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to aug. 26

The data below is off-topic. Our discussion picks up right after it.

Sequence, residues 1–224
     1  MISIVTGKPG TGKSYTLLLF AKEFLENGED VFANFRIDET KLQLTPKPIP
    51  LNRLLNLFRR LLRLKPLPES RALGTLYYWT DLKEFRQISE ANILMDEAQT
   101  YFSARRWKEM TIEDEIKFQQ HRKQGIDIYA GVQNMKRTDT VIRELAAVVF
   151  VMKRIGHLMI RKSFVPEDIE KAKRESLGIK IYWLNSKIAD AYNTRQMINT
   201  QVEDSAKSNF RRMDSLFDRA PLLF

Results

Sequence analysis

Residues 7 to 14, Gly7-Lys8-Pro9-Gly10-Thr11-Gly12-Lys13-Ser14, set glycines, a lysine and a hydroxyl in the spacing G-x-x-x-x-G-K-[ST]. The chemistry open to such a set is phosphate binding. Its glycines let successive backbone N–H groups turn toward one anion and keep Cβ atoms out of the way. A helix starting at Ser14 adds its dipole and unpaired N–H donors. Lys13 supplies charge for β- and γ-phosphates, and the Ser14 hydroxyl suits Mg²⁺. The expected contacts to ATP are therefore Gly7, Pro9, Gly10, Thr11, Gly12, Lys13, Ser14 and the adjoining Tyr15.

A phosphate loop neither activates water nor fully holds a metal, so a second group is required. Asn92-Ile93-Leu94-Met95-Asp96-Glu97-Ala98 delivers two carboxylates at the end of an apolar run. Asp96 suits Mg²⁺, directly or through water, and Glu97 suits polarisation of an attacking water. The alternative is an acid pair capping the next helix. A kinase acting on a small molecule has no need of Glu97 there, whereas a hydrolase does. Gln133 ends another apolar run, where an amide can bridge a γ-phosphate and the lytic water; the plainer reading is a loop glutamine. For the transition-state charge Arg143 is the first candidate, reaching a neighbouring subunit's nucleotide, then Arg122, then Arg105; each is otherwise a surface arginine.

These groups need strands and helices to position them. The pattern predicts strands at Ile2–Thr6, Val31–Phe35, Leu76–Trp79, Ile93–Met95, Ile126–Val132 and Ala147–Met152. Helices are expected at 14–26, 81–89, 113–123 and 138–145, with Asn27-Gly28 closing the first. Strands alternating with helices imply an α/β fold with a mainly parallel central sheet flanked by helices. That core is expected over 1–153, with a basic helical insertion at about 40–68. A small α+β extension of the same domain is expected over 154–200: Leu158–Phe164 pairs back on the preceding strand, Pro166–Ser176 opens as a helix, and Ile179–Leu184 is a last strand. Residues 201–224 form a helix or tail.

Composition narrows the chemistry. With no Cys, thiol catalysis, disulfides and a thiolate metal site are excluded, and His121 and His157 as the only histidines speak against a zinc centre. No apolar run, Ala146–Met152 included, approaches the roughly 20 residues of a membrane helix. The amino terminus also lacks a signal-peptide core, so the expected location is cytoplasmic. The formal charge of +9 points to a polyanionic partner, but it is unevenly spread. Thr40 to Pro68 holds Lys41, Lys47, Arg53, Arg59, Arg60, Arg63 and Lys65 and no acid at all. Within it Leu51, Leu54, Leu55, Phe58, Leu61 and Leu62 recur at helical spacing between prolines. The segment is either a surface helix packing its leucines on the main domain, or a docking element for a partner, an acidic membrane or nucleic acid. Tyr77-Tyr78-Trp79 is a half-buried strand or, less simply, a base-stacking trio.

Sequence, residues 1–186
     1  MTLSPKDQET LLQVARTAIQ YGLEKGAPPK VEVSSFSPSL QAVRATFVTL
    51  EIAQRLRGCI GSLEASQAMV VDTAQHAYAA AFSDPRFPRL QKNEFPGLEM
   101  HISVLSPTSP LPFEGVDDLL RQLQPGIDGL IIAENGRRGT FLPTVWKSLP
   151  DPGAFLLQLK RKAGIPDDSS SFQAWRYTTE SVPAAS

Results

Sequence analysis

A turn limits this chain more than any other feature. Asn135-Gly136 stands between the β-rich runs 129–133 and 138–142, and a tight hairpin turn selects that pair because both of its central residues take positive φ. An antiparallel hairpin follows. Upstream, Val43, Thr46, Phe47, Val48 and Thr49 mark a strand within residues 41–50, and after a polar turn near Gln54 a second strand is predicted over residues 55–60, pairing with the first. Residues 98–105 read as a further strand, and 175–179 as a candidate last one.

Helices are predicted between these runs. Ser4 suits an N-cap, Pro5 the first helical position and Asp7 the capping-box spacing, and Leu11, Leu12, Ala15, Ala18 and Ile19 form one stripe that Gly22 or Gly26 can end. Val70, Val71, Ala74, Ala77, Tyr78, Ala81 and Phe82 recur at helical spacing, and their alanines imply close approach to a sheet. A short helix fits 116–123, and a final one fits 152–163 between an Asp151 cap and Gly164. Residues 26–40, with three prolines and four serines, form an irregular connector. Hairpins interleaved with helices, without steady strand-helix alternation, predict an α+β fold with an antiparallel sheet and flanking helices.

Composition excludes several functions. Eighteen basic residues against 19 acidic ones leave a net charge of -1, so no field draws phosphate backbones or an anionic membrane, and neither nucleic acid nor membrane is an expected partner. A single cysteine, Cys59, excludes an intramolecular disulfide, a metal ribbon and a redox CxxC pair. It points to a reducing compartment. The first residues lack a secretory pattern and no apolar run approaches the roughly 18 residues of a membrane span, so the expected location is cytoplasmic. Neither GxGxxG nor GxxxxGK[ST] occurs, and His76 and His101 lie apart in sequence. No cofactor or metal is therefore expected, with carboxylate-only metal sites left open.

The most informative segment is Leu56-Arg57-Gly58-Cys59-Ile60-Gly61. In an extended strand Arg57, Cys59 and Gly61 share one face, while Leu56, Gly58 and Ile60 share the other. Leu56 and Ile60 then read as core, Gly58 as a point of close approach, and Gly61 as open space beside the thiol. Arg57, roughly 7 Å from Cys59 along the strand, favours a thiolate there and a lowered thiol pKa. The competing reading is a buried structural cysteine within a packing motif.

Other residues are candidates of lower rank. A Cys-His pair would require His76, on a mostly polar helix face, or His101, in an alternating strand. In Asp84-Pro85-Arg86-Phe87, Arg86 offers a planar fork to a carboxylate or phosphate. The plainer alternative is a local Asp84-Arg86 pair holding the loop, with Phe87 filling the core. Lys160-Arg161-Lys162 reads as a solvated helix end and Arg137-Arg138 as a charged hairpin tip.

If the goal of the film program coordinators at the National Air and Space Museum’s Udvar-Hazy Center was to keep as many children as possible from ever wanting to become a jet pilot, they deserve a gold star. Wait, make that four gold stars—one for each film in the series, any one of which provides more than enough death, destruction, and mayhem to permanently shatter any kid’s dream of hopping into a cockpit and flying the not-so-friendly skies. Take the series opener, Howard Hughes’ (pictured) classic 1930 war drama Hell’s Angels: For adult viewers, the scene of German soldiers voluntarily jumping to their deaths from the deck of an airborne zeppelin might elicit a powerful sense of human empathy—an understanding of the overwhelming madness and tragic consequences of war. For a child, however, the image is more likely to result in tear-lined cheeks and piss-stained trousers. Later entries in the series—including Howard Hawks’ 1939 nail-biter Only Angels Have Wings (at 7:30 p.m. Saturday, Aug. 12), in which Cary Grant and Thomas Mitchell have just enough time to contemplate their impending death before it happens, and Billy Wilder’s box-office-failure The Spirit of St. Louis (at 7:30 p.m. Saturday, Aug. 26), which features an aging and laughably miscast Jimmy Stewart as the American hero/Nazi sympathizer Charles Lindbergh—are even less likely to inspire any potential future U.S. Air Force recruits. The series’ best film is also the one least suitable for children: Twelve O’Clock High (at 7:30 p.m. Saturday, Aug. 19), Henry King’s gritty 1949 World War II flick starring Gregory Peck as a brigadier general in charge of a bomber group pushed to the psychological breaking point. Although the film’s central question—How much can a man take?—may remain unanswered, one thing is for damn sure: He can take more than his 8-year-old son can. Leave the kiddies at home with a copy of PBS’s Jay Jay the Jet Plane when the films show at the Udvar-Hazy Center, 14390 Air & Space Museum Parkway, Chantilly. Free. (202) 357-2700. (Matthew Borlik)